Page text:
The Arizona Coyotes bench screamed into the empty void of Rogers Place, where an NHL postseason without fans is being played. The wait was finally over for the franchise, and a considerable one at that.
The Coyotes advanced to the Stanley Cup playoff quarterfinals with a 4-3 overtime victory to eliminate the Nashville Predators in Game 4 of their qualification-round series on Friday in Edmonton, Alberta. It was the first playoff series victory for the franchise since May 2012 -- a span of 3,014 days.
"We were all sick and tired of the Coyotes being out of the conversation," said forward Brad Richardson, who ended the game at 5 minutes, 27 seconds of overtime with a goal on the doorstep of Predators goalie Juuse Saros. Ironically, Richardson was a member of the Los Angeles Kings team that eliminated the Coyotes from the playoffs during their 2012 run.
The Coyotes and Predators, two teams known for their goaltending, played a surprisingly high-scoring series, with a combined 25 goals in four games. But in the end, one goalie did make the difference: Arizona's Darcy Kuemper, who has faced more shots (163) than any goalie in the postseason and had a .933 save percentage in the series.
"Darcy kept us in. That's the facts. They were peppering us. He let us get our legs under us," said coach Rick Tocchet, who watched Kuemper make 15 saves in the first period. "I think some of the younger guys were a little nervous. He had a hell of a series for us. A hell of a series."
Predators coach John Hynes acknowledged his play as well. "We couldn't get the extra goal. It wasn't for a lack of opportunities or effort. We just couldn't solve Kuemper," he said.
It was a 2-2 game in the third period when defenseman Jordan Oesterle scored to give the Coyotes a 3-2 lead. But the Predators sent it to overtime on a rocket shot from Filip Forsberg with 32 seconds left in regulation.
During the intermission, Tocchet will typically wait until the seven- or eight-minute mark to walk into the dressing room to address his players. But after the potentially devastating end to the third period, "I knew I had to get in there earlier," he said. "Just to tell them that we're back in this. That if we get a goal, we win the series. I just wanted them to relax."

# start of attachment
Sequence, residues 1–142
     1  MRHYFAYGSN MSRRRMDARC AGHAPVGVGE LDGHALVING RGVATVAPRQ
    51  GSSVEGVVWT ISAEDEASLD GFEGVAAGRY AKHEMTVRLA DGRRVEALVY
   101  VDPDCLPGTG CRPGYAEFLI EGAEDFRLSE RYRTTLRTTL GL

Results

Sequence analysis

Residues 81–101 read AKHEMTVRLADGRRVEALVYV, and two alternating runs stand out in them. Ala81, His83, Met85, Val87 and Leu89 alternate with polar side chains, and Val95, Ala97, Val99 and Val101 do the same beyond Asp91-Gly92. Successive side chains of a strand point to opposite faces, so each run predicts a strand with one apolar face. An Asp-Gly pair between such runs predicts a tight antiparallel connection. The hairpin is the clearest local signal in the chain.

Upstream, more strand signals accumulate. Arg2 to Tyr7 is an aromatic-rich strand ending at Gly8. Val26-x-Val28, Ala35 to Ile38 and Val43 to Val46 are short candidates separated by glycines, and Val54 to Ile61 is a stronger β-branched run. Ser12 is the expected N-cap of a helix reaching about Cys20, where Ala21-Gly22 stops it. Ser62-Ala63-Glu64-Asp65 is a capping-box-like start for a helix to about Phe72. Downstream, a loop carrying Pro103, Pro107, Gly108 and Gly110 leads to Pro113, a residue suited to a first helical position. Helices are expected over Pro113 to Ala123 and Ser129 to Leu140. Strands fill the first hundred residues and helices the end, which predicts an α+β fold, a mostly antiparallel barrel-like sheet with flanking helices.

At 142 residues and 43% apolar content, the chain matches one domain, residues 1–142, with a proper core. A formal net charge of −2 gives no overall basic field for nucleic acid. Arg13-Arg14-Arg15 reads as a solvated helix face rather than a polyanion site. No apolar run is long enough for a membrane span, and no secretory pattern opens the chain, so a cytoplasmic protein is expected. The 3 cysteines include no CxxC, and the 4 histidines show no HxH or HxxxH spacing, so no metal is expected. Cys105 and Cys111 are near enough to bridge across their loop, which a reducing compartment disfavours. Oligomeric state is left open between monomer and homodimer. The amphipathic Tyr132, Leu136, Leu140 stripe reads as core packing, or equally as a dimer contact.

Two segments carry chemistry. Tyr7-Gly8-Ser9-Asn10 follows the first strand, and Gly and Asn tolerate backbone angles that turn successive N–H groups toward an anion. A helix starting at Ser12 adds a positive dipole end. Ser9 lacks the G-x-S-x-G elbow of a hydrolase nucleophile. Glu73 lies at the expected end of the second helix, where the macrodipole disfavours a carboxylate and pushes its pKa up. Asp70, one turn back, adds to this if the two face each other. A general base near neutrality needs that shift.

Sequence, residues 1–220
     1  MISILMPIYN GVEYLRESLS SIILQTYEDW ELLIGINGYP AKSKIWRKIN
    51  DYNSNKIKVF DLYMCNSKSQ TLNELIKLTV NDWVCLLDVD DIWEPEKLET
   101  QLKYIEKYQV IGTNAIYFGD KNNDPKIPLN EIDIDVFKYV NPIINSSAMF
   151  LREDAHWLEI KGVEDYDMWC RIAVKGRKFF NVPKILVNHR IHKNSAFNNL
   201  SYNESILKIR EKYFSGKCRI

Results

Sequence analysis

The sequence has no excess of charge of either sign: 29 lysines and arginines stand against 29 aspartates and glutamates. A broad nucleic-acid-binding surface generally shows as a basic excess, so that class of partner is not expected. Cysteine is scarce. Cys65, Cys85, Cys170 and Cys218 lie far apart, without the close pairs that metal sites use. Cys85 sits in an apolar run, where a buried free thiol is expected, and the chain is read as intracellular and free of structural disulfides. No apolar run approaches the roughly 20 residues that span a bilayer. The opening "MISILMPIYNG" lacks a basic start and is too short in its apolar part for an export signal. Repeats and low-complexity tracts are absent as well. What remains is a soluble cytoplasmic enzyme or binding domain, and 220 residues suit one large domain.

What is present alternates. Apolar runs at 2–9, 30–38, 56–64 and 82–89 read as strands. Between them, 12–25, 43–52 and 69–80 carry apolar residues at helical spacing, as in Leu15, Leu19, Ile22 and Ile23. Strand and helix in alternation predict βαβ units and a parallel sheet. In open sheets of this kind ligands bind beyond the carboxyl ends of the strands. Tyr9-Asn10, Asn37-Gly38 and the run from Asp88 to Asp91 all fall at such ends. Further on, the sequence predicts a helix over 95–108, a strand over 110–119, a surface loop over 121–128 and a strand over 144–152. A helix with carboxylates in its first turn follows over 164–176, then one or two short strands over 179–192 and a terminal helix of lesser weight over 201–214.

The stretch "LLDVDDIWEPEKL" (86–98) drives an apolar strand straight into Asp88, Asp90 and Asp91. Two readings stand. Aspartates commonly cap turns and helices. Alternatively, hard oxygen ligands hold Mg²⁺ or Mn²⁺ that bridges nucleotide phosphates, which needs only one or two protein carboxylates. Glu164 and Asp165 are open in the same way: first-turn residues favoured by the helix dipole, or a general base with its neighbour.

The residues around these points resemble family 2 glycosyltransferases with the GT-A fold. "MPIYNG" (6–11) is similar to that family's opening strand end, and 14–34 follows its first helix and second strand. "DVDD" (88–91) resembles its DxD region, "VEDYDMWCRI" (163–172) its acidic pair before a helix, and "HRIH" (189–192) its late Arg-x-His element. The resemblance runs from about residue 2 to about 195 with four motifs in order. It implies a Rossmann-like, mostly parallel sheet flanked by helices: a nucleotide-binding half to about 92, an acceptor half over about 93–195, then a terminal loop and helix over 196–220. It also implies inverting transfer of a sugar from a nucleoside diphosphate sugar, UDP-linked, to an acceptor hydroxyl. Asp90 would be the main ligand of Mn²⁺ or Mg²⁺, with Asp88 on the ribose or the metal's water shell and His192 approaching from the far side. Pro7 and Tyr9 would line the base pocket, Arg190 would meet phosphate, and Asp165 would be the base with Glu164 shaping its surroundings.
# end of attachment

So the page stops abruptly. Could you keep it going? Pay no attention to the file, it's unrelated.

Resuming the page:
It was quiet in the dressing room before Tocchet spoke. After he was through, Coyotes captain Oliver Ekman-Larsson said, "You're right." The rest of the players started chattering, and that enthusiasm spilled onto the ice.
There were many unknowns entering the neutral-site "hub" in Edmonton for the Coyotes. One of them was how a team of relatively quiet individuals would react to playing in front of an arena of empty seats. It turns out that playing in the bubble has actually done wonders for their chemistry.
"I saw another element in this play-in for our team. I saw some of our guys that are usually a little quiet step outside their comfort zone," Tocchet said. "And I try not to bark that much, but I probably barked more. I think it's just the environment."
Tocchet has both coached and played for the Coyotes, a franchise that hasn't lacked for off-ice drama through the years. There was a bankruptcy, a near relocation, failed attempts to fund a new arena and other financial difficulties. They had another controversy right before the playoffs when general manager John Chayka quit as the team was headed to the Edmonton bubble, unhappy with team ownership's decision to restrict him from taking a new job with the New Jersey Devils.
Like they have throughout the years, the Coyotes shut out the noise.
"We had a discussion [about it]. We had to put it behind us. None of the guys in the room or the coaches and control what happens behind the scenes," Richardson said. "We've had no lack of controversy and things going on, but all the guys did a great job of honing in. We felt like we had the team to do it."